Slate’s new women’s website disappoints

13 05 2009

Slate just launched a women’s website, Double X, and so far it’s been very disappointing.  There’s been much written about this on the feminist blogosphere, and the sentiments of disappointment and frustration seem to be shared, so instead of regurgitating what’s already been said, I’ll pull out some quotes from others’ thoughts and comments on Double X:

Jessica at Feministing says:

Well, let’s take a look at the headlining pieces that the magazine chose to kick off with:

Whine, Womyn, and Thongs: How feminism has failed.

What’s the Problem Now? Feminism’s Dilemmas

Yes, Virginia, Feminism Really Is Dead.

and the slightly more optimistic…

How I Got Bored With Feminism: And why it still matters.

Oh, and the quote of the day? “‘Feminism’ had come to seem, well…just the teeniest bit tiresome.” – Terry Castle

It seems my excitement was a bit premature! Here I thought that Double X might be a site for forward-thinking conversation about feminism and women’s issues – alas, it’s just a sounding board for warmed-over stereotypes and an oh-so-tired “those darn kids” take on younger women.

…Double X as a whole seems to reflect an increasing trend in online women’s and feminist media – and frankly, it is making me tired. Tired of the manufactured feminist “cat-fighting,” tired of the hating, tired of the notion that the only way to write about feminism is to smugly (and incorrectly) point out where it is failing. I am all for an accountable feminism and constructive criticism; I think it’s necessary in order to make our work as writers and activists better. But the never-ending bullshit masquerading as good faith critique is simply exhausting. And we can do better.

Bashing feminism has always been trendy and fun for our ignorant opponents, but to do so in a “safe” space that is supposed to be feminist or at least feminist friendly?  All the Haterade that’s going around is irritating and juvenile.  It’s not beneficial to feminism or the feminist movement if feminists keep on bashing each other, slut-shaming, or having silly “I’m more feminist than you are” contests.  Is this really the most productive and efficient way to use our energy?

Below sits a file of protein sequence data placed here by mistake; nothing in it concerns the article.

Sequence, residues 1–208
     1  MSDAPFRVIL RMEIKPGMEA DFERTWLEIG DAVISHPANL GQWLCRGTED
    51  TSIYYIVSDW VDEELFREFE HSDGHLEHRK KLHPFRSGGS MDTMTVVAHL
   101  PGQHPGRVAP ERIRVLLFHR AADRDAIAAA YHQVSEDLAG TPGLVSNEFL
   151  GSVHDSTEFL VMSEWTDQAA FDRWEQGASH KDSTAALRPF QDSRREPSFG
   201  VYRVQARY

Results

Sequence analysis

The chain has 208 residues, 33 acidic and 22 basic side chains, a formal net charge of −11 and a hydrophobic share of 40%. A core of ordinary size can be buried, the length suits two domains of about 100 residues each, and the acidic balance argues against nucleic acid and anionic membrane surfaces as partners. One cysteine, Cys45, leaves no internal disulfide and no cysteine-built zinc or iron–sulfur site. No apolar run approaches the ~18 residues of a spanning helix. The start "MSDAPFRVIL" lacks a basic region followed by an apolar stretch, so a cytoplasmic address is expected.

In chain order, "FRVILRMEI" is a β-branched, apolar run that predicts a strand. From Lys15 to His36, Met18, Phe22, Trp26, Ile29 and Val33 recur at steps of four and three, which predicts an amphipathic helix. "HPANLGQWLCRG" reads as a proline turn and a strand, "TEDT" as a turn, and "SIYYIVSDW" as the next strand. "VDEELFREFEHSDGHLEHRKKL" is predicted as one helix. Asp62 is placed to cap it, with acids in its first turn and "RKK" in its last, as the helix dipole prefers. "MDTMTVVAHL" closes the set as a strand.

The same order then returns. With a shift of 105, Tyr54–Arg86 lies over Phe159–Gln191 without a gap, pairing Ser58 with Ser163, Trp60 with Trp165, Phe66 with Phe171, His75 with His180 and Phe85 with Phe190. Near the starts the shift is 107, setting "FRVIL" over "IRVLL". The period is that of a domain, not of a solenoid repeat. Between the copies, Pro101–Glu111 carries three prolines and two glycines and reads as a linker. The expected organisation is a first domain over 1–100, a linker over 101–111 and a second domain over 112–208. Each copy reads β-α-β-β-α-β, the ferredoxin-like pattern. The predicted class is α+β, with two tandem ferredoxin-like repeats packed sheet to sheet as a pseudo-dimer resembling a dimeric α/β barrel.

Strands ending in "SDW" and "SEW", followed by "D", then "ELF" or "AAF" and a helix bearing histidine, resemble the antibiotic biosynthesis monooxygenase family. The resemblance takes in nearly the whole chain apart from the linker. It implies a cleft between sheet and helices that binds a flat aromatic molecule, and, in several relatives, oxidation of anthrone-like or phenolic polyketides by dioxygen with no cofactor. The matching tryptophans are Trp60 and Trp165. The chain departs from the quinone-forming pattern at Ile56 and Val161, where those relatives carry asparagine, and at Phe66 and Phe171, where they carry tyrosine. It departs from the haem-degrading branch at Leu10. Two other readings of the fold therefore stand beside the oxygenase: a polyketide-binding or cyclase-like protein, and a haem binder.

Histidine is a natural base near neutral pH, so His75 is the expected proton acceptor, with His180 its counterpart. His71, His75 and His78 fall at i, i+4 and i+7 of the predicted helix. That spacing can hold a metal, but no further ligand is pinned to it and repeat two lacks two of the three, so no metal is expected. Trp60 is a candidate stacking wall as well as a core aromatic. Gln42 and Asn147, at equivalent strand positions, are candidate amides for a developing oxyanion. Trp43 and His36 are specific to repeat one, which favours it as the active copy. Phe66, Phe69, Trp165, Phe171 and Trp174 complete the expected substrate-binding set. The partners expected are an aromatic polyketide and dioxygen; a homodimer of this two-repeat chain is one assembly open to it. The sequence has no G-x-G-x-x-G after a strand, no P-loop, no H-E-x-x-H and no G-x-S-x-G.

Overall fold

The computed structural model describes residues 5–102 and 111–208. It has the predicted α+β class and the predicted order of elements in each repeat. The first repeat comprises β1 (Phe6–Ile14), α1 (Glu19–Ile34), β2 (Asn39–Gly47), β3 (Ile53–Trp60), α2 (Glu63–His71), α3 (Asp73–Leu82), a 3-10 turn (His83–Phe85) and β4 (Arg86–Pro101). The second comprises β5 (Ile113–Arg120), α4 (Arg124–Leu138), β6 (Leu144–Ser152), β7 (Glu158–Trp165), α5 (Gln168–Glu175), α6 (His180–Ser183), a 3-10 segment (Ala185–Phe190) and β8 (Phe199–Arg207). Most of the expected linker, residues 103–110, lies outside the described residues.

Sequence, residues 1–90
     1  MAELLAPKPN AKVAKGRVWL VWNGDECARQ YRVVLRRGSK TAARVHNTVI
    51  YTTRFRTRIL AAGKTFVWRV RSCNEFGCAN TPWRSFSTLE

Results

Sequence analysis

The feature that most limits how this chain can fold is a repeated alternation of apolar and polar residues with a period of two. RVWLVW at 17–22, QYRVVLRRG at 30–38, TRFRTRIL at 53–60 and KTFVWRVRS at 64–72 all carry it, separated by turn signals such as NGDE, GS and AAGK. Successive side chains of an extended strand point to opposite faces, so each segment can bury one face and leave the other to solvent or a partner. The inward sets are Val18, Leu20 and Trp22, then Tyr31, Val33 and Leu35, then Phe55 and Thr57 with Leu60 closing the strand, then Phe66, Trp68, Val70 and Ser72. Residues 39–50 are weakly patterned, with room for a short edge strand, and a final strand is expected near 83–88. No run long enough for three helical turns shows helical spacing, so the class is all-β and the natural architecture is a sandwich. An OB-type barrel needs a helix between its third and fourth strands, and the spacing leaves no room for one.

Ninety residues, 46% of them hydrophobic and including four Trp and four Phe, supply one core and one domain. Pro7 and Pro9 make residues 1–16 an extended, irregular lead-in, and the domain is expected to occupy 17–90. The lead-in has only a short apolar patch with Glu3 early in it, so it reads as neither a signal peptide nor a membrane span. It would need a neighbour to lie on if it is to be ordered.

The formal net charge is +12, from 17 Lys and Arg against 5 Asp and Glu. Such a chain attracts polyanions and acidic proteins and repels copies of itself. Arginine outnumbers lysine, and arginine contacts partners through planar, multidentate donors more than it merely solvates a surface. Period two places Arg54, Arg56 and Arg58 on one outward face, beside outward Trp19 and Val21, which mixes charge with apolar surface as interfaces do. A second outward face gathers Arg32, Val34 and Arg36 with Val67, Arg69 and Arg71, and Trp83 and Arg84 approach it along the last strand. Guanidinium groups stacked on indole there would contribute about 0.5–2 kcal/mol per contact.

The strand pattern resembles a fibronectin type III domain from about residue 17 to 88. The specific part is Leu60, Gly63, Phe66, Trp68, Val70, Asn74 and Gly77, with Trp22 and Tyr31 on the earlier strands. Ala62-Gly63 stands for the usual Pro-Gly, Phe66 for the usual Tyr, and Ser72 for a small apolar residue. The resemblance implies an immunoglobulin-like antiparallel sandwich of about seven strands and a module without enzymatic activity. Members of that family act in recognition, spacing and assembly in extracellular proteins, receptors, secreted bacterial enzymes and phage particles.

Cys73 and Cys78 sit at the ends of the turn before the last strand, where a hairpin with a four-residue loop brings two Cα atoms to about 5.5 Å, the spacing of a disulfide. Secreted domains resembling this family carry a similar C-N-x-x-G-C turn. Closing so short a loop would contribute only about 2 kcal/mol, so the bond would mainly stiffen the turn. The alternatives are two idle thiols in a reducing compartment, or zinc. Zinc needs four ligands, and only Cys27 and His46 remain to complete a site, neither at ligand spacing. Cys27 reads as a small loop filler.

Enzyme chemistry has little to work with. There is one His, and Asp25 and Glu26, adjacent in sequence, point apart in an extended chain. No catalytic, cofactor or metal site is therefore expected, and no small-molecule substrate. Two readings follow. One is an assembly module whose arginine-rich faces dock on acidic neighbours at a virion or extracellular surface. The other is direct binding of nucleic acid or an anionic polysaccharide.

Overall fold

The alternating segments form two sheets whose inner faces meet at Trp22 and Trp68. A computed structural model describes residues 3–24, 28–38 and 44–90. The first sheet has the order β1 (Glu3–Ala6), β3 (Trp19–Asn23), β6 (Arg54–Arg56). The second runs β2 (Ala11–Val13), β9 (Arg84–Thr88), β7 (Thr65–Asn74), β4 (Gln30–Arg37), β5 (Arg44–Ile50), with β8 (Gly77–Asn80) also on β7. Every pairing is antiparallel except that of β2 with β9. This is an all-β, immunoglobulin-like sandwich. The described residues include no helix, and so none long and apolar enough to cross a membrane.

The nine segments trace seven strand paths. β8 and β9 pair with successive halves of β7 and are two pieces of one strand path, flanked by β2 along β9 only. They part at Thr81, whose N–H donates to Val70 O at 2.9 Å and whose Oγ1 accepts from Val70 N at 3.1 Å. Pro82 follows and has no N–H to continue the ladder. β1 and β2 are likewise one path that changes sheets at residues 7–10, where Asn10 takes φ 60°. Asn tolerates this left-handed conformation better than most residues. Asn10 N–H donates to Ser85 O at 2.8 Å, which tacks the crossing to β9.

Over at feministe, Jill writes:

I was pretty excited for the launch of Double X, Slate’s online feminist magazine. They have some thoughful writers, a great editorial staff and a big platform, so I was hoping for good things. Unfortunately, the magazine seems to have kicked off by hosting a feminist pissing contest — because what’s more fun than telling other feminists that they aren’t quite feminist enough?

…I’m not arguing that feminism should be a movement of No Judging, or that we can’t criticize anything women say or do. I’m not arguing that because Jezebel is a feminist site, hands off. But I will argue that how women deal with surviving sexual assault should not be a deciding factor in evaluating whether or not they qualify as feminist. I will argue that a feminism which requires perfection from all women is not something I can be a part of. And I’ll also just throw it out there that one probably should not pull the “You’re a bad feminist” card when one writes for a feminist website that launches with front-page articles like “Whine, Womyn and Thongs: How feminism has failed” and “How I Got Bored With Feminism.”

Echoing what Jessica said, Double X’s front page articles “Whine, Womyn and Thongs: How feminism has failed” and “How I Got Bored With Feminism” were very offensive and infuriating.  There are enough anti-feminists out there arguing that feminism is over, or that we live in a “post-feminist” world, so it’s unacceptable and unnecessary for feminists to run around validating their points.

I’ll close with a quote I saw on a bumper sticker once: “Feminism has done much for you.  What have you done for feminism?”



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